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    Liberal welfare reforms

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    msistarted0

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    Join date : 2010-11-09

    Liberal welfare reforms

    Post by msistarted0 on Fri Jan 07, 2011 6:22 am

    The Liberal welfare reforms (1906ā€“1914[1]) were acts of social legislation passed by the British Liberal Party after the 1906 General Election. It has been argued that this legislation shows the emergence of the modern welfare state in the UK.[1] They shifted their outlook from a laissez-faire system to a more collectivist approach.[2] The reforms demonstrate the split that had emerged within liberalism, between progressive liberalism and classical liberalism, and a change in direction for the Liberal Party from liberalism, in general, to a party of progressive liberalism and larger, more active government[citation needed].

    The Liberal welfare reforms took place after a Royal Commission on how the country's Poor Law provision should be altered. Two contrasting reports known as the Majority Report and the Minority Report were published, and as they differed so greatly the Liberals were able to ignore both reports and implement their own reforms. By implementing the reforms outside of the Poor Law the stigma attached to claiming relief was also removed..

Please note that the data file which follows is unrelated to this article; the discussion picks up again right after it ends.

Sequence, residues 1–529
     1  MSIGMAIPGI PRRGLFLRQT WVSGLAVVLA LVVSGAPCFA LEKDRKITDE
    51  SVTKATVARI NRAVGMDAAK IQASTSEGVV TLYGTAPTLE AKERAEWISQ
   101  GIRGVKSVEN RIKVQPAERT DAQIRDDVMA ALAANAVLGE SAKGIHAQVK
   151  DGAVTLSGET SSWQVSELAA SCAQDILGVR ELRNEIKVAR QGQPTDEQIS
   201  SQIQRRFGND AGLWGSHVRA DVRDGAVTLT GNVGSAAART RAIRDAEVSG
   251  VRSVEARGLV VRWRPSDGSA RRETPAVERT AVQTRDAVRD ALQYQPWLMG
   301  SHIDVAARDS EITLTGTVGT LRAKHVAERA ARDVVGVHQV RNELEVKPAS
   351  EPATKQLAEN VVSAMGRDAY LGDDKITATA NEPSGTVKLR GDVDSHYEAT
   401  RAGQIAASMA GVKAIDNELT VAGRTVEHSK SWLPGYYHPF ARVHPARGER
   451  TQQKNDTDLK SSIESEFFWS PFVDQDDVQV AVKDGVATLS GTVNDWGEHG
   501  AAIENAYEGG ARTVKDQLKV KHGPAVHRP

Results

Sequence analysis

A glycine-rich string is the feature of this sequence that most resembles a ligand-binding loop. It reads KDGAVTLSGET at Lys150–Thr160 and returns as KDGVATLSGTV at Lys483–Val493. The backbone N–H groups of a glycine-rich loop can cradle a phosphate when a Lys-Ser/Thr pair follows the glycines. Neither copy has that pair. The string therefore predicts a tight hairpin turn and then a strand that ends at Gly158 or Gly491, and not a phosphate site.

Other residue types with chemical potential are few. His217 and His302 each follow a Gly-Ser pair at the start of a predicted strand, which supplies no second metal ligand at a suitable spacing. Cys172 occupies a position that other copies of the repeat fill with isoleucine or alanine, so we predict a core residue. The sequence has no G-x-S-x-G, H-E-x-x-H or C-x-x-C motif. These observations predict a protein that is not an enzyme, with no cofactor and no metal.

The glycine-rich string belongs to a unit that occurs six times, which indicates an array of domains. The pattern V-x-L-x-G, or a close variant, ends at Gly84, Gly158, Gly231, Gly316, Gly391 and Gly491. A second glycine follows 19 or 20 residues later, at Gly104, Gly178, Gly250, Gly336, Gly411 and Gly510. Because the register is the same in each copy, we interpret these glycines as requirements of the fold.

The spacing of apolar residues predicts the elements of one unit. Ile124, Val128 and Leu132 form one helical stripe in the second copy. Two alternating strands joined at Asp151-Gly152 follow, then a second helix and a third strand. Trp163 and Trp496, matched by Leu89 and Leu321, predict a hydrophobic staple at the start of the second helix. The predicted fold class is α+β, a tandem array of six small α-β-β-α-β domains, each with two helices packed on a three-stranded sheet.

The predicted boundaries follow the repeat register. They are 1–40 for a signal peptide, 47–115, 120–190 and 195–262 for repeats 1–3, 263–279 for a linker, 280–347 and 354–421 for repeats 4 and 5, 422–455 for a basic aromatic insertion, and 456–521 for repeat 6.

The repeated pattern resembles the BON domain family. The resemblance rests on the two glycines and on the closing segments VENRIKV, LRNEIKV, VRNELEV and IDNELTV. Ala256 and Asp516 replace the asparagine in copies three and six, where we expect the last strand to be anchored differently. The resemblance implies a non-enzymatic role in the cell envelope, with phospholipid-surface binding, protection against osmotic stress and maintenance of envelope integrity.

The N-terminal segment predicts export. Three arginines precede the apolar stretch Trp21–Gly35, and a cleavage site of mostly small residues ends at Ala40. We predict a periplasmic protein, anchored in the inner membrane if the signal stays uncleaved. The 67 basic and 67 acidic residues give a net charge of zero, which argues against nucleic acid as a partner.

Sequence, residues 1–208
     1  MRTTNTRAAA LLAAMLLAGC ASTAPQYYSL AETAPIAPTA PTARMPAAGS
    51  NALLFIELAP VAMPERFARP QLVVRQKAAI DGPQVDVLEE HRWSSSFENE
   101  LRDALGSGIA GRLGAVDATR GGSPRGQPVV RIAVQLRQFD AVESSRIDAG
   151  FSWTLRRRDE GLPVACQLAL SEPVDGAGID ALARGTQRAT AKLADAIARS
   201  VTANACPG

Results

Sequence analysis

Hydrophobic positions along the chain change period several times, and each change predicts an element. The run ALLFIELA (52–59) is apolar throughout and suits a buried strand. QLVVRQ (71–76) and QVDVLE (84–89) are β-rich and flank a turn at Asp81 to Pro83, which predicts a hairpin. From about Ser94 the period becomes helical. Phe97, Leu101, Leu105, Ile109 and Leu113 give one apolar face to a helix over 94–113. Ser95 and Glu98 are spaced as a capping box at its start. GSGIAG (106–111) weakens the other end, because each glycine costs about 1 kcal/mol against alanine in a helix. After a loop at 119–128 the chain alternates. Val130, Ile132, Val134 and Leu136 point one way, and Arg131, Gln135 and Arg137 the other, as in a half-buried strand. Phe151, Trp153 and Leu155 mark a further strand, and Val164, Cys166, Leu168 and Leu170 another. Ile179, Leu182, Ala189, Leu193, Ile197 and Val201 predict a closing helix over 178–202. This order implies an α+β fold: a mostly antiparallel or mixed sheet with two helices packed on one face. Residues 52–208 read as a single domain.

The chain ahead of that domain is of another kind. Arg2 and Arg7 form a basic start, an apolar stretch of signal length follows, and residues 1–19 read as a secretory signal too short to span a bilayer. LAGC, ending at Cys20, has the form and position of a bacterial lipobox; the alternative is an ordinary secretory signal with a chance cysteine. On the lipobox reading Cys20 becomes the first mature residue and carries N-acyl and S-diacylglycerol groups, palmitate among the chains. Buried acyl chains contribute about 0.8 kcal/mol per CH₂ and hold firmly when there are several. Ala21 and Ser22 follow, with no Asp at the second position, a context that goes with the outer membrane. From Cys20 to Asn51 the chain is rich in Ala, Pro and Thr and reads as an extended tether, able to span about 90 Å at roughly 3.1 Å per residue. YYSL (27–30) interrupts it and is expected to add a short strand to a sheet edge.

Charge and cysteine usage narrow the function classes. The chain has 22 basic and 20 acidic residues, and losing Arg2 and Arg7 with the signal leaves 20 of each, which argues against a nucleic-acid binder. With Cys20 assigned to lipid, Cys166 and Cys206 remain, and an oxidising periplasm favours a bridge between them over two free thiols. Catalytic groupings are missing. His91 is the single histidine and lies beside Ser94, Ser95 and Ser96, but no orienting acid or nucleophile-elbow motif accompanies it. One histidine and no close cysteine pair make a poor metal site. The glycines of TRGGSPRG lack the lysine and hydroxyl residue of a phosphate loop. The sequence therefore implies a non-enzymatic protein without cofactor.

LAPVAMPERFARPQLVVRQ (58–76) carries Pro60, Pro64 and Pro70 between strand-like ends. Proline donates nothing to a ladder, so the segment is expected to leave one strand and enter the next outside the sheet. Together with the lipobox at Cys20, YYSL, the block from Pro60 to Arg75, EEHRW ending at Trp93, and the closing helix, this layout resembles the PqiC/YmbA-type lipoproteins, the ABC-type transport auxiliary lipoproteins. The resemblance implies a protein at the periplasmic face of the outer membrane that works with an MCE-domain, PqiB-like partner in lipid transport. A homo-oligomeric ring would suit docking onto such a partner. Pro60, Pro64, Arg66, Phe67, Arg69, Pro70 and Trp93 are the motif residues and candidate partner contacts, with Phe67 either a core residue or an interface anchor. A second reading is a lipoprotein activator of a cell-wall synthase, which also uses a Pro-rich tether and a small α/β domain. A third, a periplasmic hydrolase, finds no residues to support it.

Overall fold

During the 1906 General Election campaign neither of the two major parties made poverty an important election issue and no promises were made to introduce welfare reforms. Despite this, the Liberals led by Henry Campbell-Bannerman won a landslide victory and began introducing wide ranging reforms as soon as they took office.[3]

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